March 24, 2017
See it, speak it, record it. No pens, no paper, no lost information. In a nutshell that’s what Bruce Rasa Read More
Farmer with iPad
Data ManagementRegaining Control Of Field Data
March 23, 2017
When it comes to creating and building value with farmer-customers, service providers today have new allies to support their efforts. Read More
Y-Drop 360 Yield
Tools & Smart EquipmentSplit Nitrogen Application: Where The 4Rs Get Real
March 23, 2017
When Illinois Grower Jeremy Wilson hit the farm conference circuit these past two years, one of his talks was always Read More
Hort TechSciFi in Ag: Robots Could Take Multi-Hybrid Planting Ne…
March 23, 2017
*Article Notes: This monthly column takes some crazy sounding ideas and applies them to the field of Ag Tech. The Read More
Erich Eller ForeFront Ag Solutions with Ag Eagle-drone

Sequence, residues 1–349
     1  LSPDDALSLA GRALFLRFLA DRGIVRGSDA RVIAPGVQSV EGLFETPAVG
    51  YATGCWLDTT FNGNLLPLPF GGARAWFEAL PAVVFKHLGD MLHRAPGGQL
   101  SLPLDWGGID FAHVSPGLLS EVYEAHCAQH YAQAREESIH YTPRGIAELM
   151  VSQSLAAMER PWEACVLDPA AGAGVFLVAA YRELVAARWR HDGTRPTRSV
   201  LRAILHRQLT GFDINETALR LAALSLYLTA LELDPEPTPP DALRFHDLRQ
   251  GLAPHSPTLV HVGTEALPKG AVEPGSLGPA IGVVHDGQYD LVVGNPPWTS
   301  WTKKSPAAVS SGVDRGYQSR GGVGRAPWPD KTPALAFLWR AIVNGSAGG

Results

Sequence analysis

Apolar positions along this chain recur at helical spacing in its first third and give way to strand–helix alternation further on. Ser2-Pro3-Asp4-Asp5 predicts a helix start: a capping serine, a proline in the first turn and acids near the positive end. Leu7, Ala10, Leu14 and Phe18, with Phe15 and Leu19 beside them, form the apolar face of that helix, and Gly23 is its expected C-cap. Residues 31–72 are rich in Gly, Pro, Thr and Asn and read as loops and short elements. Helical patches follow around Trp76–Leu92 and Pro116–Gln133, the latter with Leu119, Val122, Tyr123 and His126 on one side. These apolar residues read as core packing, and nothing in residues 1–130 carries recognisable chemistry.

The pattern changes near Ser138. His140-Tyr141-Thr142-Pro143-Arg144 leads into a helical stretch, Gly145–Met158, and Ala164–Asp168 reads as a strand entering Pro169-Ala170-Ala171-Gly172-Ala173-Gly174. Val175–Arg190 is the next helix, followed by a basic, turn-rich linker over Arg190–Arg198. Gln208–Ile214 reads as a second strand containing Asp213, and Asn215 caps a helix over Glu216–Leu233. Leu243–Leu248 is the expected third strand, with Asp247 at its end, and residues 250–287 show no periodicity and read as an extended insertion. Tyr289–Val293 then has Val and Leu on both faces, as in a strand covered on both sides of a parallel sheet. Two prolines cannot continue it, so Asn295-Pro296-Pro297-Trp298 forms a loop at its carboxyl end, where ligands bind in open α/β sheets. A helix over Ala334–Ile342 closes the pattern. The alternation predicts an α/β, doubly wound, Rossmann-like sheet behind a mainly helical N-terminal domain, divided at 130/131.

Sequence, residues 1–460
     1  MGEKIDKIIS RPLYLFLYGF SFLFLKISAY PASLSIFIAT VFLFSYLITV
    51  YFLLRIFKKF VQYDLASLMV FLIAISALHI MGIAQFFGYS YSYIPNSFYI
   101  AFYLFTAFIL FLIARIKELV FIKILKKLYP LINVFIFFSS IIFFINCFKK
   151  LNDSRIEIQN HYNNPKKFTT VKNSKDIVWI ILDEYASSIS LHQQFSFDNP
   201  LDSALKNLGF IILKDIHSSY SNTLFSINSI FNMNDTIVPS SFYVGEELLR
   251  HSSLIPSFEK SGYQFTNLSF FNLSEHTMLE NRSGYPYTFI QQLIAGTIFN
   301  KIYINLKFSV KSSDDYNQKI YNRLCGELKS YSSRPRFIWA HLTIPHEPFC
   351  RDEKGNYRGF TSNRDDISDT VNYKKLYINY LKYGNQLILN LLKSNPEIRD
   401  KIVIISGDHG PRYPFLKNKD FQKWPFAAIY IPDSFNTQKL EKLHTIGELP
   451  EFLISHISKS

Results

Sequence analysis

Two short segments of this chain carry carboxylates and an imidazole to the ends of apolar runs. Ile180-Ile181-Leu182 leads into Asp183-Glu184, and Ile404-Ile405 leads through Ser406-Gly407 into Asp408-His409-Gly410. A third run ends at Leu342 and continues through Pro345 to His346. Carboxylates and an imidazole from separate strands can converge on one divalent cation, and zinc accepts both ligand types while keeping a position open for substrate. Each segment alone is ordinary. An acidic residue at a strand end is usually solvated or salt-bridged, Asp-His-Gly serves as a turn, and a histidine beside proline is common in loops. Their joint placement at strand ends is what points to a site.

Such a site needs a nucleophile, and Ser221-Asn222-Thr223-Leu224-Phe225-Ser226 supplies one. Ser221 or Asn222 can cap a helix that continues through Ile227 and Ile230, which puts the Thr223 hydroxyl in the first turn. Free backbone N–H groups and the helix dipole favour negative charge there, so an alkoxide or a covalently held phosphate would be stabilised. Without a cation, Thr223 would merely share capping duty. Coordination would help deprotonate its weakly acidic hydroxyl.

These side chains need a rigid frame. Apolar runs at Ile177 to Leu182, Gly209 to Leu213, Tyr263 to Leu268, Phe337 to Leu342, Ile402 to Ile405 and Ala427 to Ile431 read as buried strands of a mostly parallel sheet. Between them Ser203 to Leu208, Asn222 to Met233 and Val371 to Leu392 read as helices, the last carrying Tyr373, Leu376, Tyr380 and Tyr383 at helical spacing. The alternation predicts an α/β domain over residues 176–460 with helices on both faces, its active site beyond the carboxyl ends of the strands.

Business ManagementForeFront Ag Solutions: Going Beyond The Averages
March 22, 2017
He’s flying essentially solo these days with business support from his wife Jennifer, but Erich Eller has big dreams for Read More
Ag Tech GlobalFarmobile Continues Connecting the Dots, adds Buyer to …
March 21, 2017
Farmobile announced today that Guy Carpenter, a global risk and reinsurance specialist, will purchase enhanced data sets to help optimize Read More
Valley Irrigation 8000 series corn
Hort TechValley Irrigation Now Exclusive OEM Provider of Trimble…
March 21, 2017
Valley Irrigation and Trimble announced that Valley Irrigation will become the exclusive OEM distributor of Trimble’s Irrigate-IQ precision irrigation solution, according Read More
Farmer Brad Hagen inspects cover crops
Business ManagementTop 5 Features Of A Good Sustainability Program
March 20, 2017
In a recent study, 60% of Iowa farmers agreed that their fertilizer dealers should do more to help them address Read More
Soil sampling Brazil
Ag Tech GlobalAn Overview Of Precision Ag In Brazil